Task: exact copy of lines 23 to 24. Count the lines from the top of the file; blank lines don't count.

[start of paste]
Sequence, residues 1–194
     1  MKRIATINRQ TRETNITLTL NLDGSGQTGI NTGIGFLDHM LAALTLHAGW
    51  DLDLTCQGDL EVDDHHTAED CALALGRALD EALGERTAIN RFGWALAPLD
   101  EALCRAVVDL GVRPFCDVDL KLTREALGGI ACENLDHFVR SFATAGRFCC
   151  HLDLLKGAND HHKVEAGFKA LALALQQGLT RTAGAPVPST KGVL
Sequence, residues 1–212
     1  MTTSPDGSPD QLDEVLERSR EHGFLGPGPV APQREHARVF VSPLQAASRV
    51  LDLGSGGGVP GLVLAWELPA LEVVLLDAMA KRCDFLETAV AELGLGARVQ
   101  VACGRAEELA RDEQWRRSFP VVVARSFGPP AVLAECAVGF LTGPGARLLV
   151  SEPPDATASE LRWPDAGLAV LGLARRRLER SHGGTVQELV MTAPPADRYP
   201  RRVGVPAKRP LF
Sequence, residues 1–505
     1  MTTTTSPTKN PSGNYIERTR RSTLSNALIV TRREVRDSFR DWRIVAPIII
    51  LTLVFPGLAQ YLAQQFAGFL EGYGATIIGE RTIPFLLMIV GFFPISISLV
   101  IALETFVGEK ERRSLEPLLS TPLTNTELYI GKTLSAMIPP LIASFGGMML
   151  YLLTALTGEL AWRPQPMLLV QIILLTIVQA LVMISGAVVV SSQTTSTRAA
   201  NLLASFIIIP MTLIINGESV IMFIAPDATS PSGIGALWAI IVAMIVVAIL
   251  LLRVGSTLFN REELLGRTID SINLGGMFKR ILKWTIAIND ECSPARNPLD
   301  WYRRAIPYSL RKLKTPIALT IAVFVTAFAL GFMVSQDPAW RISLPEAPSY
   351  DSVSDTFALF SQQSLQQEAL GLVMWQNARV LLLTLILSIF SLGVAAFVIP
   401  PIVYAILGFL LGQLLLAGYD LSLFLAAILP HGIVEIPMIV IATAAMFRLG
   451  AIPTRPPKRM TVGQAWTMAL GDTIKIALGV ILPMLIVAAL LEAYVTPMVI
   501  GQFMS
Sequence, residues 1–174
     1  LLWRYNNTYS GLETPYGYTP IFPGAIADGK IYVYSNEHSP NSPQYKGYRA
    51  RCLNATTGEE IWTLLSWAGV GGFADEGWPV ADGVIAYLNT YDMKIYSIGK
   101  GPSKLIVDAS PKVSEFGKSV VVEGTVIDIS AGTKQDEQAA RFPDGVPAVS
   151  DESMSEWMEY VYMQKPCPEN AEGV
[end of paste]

   501  GQFMS
Sequence, residues 1–174